- Early Arab immigrants to the United States included the Wahab Family of Ocracoke Island, Hadj Philip Tedro (or Hi Jolly), and Ahmad Bin Na’man. From the 1880s to the mid-20th Century, many Arabs came to the US to escape hardships at home. Many of these were Christians from Greater Syria. Stories from some of these families about their journey to the US and to becoming residents of North Carolina are told in the recent documentary: Cedars in the Pines: The Lebanese in North Carolina. More recent Arab immigrants have tended to be highly educated, with a keen interest in political activism and civil rights. (Read more about these immigrants on the History of Arab Immigration page.)
Hadj Philip Tedro or Hi Jolly, and the Camel Driver Experiment: One of the early immigrants, Hadj Philip Tedro was a Lebanese Christian hired to work on the Camel Driver Experiment, a project attempting to establish transportation routes cross the desert between Texas and California to support the population moving West during the Gold Rush.
- Before groups of Arabs began immigrating to the United States in the nineteenth century, we know of earlier Muslims who landed in this country. The earliest of these Muslims to come to America are associated with possible pre-Columbian expeditions as early as the 10th century.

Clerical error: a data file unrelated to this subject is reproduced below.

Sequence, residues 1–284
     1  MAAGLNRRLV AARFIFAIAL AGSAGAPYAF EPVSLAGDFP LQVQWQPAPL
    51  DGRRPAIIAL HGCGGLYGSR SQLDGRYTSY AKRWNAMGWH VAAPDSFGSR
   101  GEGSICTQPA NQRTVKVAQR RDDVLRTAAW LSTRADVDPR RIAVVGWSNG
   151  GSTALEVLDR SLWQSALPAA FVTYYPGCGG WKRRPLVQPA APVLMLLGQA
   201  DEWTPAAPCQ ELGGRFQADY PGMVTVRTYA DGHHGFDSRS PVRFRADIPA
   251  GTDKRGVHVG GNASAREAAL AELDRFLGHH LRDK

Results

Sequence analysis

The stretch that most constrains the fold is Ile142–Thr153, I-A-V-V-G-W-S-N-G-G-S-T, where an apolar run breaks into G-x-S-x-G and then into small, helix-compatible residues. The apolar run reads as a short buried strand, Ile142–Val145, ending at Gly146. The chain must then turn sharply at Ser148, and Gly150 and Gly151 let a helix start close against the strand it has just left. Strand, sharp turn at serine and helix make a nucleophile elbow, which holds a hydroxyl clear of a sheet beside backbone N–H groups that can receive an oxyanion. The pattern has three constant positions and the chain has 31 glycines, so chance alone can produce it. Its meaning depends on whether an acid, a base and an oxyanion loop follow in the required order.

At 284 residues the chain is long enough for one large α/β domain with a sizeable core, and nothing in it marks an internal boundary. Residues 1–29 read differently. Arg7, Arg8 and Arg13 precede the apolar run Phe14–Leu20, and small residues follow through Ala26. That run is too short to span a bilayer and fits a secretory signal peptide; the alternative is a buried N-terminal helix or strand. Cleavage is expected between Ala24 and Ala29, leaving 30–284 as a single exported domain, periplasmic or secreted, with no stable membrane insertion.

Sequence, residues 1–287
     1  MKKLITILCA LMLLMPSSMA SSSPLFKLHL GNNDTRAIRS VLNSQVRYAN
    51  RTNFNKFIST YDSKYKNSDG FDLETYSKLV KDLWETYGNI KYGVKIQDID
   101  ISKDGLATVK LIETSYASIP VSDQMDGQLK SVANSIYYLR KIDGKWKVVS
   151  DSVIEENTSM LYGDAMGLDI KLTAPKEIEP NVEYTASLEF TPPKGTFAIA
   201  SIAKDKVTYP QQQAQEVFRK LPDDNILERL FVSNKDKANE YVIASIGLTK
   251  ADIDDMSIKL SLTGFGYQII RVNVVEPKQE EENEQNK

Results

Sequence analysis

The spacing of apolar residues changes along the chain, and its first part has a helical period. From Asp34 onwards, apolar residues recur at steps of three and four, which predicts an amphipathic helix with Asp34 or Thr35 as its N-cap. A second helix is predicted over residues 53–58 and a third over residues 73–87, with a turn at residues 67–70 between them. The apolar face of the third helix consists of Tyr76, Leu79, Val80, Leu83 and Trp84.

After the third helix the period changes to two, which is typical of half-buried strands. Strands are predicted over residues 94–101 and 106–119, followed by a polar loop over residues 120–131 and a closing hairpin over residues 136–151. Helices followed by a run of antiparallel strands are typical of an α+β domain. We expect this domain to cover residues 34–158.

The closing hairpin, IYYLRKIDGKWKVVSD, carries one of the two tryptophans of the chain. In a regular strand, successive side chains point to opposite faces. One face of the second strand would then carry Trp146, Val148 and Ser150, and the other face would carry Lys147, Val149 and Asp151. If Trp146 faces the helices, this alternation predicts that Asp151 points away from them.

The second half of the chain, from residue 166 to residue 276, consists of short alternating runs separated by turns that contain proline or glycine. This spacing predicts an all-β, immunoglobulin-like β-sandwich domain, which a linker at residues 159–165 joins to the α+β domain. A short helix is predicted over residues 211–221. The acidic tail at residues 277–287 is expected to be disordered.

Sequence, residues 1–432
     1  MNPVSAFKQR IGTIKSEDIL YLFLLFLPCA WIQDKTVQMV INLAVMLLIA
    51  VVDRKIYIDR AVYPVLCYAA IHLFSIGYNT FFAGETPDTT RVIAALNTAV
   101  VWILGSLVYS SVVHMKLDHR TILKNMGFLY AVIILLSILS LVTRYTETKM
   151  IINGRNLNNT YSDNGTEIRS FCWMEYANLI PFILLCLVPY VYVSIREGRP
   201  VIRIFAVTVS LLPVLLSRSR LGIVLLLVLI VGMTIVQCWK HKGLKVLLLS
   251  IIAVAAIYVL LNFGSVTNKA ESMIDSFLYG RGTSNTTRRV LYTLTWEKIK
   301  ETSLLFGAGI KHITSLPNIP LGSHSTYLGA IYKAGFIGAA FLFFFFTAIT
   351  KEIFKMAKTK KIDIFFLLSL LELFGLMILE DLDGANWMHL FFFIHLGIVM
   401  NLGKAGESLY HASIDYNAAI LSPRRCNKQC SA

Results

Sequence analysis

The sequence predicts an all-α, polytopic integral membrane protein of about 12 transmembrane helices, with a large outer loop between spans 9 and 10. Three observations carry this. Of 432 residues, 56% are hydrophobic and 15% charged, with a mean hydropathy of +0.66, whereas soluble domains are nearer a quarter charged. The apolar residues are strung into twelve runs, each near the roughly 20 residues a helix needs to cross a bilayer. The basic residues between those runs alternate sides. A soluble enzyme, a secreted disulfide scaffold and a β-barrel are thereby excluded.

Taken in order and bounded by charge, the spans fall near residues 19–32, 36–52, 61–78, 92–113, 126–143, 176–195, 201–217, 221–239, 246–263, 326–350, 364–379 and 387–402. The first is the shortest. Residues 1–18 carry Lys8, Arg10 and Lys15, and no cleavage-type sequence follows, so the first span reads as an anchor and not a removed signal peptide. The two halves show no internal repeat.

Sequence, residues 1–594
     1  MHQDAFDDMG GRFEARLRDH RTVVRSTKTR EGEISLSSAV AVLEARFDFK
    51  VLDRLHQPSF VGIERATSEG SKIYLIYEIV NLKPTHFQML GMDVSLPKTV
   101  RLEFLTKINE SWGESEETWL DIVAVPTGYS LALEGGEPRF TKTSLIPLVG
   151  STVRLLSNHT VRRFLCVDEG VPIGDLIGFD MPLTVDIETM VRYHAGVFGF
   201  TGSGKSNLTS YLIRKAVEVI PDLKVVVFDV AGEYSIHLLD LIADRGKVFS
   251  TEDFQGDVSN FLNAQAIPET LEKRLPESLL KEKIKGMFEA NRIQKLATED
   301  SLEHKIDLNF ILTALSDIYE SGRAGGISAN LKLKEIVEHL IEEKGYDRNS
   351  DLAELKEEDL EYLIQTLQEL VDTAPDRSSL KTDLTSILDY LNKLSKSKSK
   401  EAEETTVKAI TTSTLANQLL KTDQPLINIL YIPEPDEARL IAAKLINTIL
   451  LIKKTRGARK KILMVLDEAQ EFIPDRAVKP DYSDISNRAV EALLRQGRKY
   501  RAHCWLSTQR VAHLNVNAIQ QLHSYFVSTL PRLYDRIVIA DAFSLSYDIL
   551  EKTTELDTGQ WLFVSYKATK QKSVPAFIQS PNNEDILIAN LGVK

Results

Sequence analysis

Estevanico, or Stephen the Moor: One of a number of Muslim sailors and translators who traveled with Columbus in the late 15th century.
For more information on these early Muslims, see Michael Gomez, Black Crescent: The Experience and Legacy of African Muslims in the Americas (Cambridge University Press, 2005).
- Muslims also came to the United States as slaves during the Transatlantic Slave Trade: Job Ben Solomon, Adbul Rahman Ibrahima Sori (1762-1829), Abu Bakr Al-Siddiq, Salih Bilali, and Bilali Mohamed were among those who arrived in America by this route. (Read more about these individuals on the History of Muslim Immigration page.)
Omar ibn Sayyid: Undoubtably one of the most famous early Muslims in the United States, he lived between 1770-1864, and left behind at least 14 Arabic manuscripts, including an autobiography.
For more information on Muslim slaves, see Allan Austi, African Muslims in Antebellum America: Transatlantic Stories and Spiritual Struggles (Routledge, 1997) and Sylviane Diouf, Servants of Allah: Muslims Enslaved in the Americas (NYU Press, 1998).